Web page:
Albert Einstein said colliding black holes should create tiny jiggles in the space-time fabric. LIGO at Hanford was built to detect them if they exist. A second was built in Louisiana to confirm the event and also to triangulate where they came from. Apparently LIGO and its sister station detected the microscopic jiggles AGAIN!

The first event happened last fall, but it took months to confirm. The ones announced Wednesday occurred on CHRISTMAS DAY!

The scientists sit and stare at boring computer screens. It's usually not until hours after the jiggle they realize there might have been one. The laser beams are always jiggling a little just because of natural vibration. Abnormal jiggles must be confirmed with Louisiana and then the SHAPE of the jiggle gives clues as to the shape of the wavelength, which gives clues to the collision that created it.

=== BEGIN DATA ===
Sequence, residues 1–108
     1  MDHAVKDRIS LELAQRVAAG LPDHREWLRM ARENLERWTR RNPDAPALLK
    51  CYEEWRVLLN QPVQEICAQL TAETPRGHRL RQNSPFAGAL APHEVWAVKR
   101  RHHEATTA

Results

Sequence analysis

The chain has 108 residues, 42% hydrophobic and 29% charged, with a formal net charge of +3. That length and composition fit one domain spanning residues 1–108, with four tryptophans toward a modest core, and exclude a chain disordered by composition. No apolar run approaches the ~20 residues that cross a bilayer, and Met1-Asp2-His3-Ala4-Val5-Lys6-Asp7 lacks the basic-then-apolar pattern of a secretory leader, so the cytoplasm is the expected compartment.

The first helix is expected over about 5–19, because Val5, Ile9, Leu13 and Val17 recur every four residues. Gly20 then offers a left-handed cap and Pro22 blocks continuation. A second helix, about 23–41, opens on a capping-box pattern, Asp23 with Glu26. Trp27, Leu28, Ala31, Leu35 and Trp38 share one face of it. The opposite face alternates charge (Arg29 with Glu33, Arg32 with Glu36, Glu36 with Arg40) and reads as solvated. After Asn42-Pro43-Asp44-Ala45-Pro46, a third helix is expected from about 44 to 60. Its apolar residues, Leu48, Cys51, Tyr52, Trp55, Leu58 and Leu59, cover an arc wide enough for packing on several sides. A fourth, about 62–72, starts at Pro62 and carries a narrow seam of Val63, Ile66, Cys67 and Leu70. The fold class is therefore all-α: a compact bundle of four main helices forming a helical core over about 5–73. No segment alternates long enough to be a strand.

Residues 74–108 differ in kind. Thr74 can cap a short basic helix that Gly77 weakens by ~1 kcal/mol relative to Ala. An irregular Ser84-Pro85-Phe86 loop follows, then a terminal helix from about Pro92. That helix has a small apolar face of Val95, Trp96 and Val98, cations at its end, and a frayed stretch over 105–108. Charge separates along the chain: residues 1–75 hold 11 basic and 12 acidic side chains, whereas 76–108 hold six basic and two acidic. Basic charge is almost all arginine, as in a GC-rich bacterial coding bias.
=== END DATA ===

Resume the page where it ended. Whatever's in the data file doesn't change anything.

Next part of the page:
The shape of the jiggles can tell them how far away the collision happened, the size of the black holes involved and more!

It's normal for people like you and me to say, "Who cares? How does this impact me?" The same was said when scientists first detected x-rays and gamma rays and also when they discovered radio waves. But now that technology is advanced enough to give us 3-D images of the insides of our brains and to transport videos instantly through the air. How will the discovery of gravitational waves impact us? We don't know yet, but scientists weren't even sure they EXISTED until last September!

Artur Matkovskyy